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November in Spain is milder than you'd think

2nd September 2020

November is when Spain becomes divided by its weather patterns with the autumnal changes to its diverse scenery firmly established and winter knocking on the door; the North heading into darker shades of green and brown, and the South recovering its verdant colours.

However you could never consider winter in Spain to mirror the British winter except perhaps in the far northwest and certain hilly regions. Andalucia benefits from a very mild winter and from the centre of the country southwards only the high mountainous areas really get to enjoy proper wintry weather. One of the attractions of following the birds flying south in winter is the luminosity you will still enjoy, and you cannot fail to appreciate the wonderful appeal of brighter days in iconic cities like Córdoba, Sevilla, Granada and Málaga. Add to that the cultural attractions of these cities, the wonderful cuisine and some spectacular hotels to enjoy, you have every reason to set your sights on this wonderful Winter destination.

Andalucia is a very large region to explore, the eastern region being made up of timeless, mediaeval towns and villages like Jaén, Baeza, and Ubeda, popping up like little islands of history and culture in a sea of olive groves and rolling hills, not to forget the substantial mountain range of the Sierra Nevada and the national park of Cazorla amongst others. The centre and western regions profit from perhaps having more famous ancient towns and cities to explore amongst beautiful landscapes with orange and olive groves, and their coastline boasts many famous resorts, beaches and ports. Inland you will find the ‘’Pueblos Blancos’’ such as Mijas but less touristy: the white-washed villages of Grazalema, Zahara (which forms a pretty lettter "Z" on the hillside), El Gastor (and nearby the Dolmen del Gigante, the largest in Andalucia), Olver and Vejer stand out magnificently from their landscapes. But you will also find stunning archeological sites like Medina Azahara, just outside of Córdoba, a lost Moorish city which was built largely to impress the world with the power of the new caliph. The history of Medina Azahara is fascinatingly tragic since within a century it was abandoned after a civil war and remained in ruins until the 20th century. Nowadays it is an enjoyable site to visit, with many of its secrets and magnificence revealed following many years of careful discovery.

Another gem, with its remarkable buildings carved into the rock, is Setenil de las Bodegas, a worthy addition to this list as is the Roman amphitheatre of Acinipo, north of Ronda, the Roman baths of Hedionda (west of Estepona) and the Roman ruins of Baelo Claudia (near Tarifa). Where does this list end? I'm so tempted to ask "What did the Romans ever do for Spain ...!"

Mérida Arcos de la Frontera

Andalucia is not short of tremendous natural and man-made sights to see, and whilst tourists tend to focus keenly on the capital cities of each province, equal enjoyment can be taken from driving between and exploring the plethora of historic monuments and beautiful natural landscapes the region has to offer.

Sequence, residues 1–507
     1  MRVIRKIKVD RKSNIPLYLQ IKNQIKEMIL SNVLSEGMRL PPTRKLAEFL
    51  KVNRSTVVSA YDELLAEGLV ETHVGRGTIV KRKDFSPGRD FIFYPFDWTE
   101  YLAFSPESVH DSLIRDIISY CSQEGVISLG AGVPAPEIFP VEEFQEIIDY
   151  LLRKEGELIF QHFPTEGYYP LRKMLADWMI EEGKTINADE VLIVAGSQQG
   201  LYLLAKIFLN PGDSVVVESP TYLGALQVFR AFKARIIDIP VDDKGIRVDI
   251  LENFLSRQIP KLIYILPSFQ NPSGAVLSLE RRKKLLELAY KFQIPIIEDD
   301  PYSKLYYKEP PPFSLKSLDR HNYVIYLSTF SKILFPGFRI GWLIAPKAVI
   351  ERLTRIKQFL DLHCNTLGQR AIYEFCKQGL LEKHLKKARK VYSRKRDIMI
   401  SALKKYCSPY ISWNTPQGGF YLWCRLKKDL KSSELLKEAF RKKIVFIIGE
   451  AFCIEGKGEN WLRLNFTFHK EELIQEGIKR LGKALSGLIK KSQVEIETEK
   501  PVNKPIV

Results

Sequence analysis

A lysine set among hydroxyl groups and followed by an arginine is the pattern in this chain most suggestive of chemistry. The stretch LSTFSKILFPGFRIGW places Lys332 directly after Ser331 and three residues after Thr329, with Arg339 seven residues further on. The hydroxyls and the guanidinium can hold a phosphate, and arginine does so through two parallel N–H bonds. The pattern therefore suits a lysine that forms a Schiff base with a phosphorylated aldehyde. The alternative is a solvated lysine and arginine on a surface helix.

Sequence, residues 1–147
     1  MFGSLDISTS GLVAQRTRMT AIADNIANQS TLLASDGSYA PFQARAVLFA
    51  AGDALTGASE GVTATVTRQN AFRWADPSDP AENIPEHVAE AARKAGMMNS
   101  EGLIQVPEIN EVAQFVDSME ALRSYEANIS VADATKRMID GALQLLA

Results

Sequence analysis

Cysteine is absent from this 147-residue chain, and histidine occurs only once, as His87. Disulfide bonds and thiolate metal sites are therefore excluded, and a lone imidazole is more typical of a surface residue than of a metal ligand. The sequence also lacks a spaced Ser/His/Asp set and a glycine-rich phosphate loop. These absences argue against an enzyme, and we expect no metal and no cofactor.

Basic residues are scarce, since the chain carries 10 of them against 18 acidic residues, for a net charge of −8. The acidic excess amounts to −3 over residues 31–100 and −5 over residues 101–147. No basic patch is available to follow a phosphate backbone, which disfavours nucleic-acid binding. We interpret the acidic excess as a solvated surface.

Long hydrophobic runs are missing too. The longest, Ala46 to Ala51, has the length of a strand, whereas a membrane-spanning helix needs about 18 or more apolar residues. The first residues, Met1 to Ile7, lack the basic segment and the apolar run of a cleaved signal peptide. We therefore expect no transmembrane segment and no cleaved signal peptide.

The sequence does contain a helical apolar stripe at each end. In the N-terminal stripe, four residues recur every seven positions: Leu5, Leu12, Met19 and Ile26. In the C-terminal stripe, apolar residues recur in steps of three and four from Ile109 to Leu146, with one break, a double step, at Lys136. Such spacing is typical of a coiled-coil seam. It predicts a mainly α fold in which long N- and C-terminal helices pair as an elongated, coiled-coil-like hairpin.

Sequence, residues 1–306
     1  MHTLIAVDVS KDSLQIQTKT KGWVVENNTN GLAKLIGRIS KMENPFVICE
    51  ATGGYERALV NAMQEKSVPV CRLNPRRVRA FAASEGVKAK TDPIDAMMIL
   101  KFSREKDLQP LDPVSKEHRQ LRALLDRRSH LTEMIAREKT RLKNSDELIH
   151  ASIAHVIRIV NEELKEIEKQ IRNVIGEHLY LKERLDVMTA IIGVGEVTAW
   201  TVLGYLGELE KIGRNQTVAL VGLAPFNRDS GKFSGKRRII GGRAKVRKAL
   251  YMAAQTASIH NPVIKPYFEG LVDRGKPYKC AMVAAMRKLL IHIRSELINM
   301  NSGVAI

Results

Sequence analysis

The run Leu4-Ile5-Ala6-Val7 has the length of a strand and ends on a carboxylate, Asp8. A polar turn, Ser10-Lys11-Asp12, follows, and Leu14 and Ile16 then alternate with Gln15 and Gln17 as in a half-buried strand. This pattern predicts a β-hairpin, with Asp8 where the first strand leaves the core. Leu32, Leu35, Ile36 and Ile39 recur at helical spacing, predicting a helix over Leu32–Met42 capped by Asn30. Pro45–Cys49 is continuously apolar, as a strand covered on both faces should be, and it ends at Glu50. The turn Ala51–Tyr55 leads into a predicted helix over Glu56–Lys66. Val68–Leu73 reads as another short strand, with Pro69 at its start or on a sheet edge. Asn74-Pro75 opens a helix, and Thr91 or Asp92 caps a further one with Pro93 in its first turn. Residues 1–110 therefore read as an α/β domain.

Unsurprisingly Paradors have established properties near many of these locations to encourage tourism throughout the region, and with such beautiful Paradors to base yourself in, such as Carmona, Cádiz, Jaén and Arcos de la Frontera (itself one of the prettiest pueblos blancos), you are spoilt for choice.  

However Andalucia is not the only region you can enjoy in winter. Spain is blessed with exciting capital cities in many regions and they remain alive and worthy of a visit at any time of the year. If your interests focus on museums and architecture then you will not be disappointed with your drive from Madrid via Toledo and Ávila through Salamanca and south to the UNESCO centre of Cáceres and the Roman sites of Mérida, via Zafra towards Sevilla. You would need at least 6 or 7 days to get the best out of this route, and it may tempt you to return to explore more since this route crosses onto the ''Silver route'', a Roman trading road running from Sevilla to Gijón on the north coast, gifted with beautiful and diverse scenery, lovely old towns and often little traffic. A quieter corner of Spain to explore, with a great deal to see.  This route is also featured on the Parador Rutas packages - a 7-night preset route priced extremely keenly at £328 per person on B&B basis in 2020:  Silver Route I. You stay in 5 particularly charming old Paradors - palaces, castles and convents - each in an attractive town of historic significance and attraction: Zafra, Mérida, Trujillo, Jarandilla de la Vera and Plasencia. Why not call us if you would like to hear more about this?

Looking for great value? We also often recommend the 5 Night Card as one of the best offers to consider, at just £546 per couple for five nights’ accommodation including breakfast, and only a few Paradors charge a supplement locally, enabling you to get full value from this package. Additionally a wide range of special offers is usually available and we review them all before providing you with your tailormade quote.

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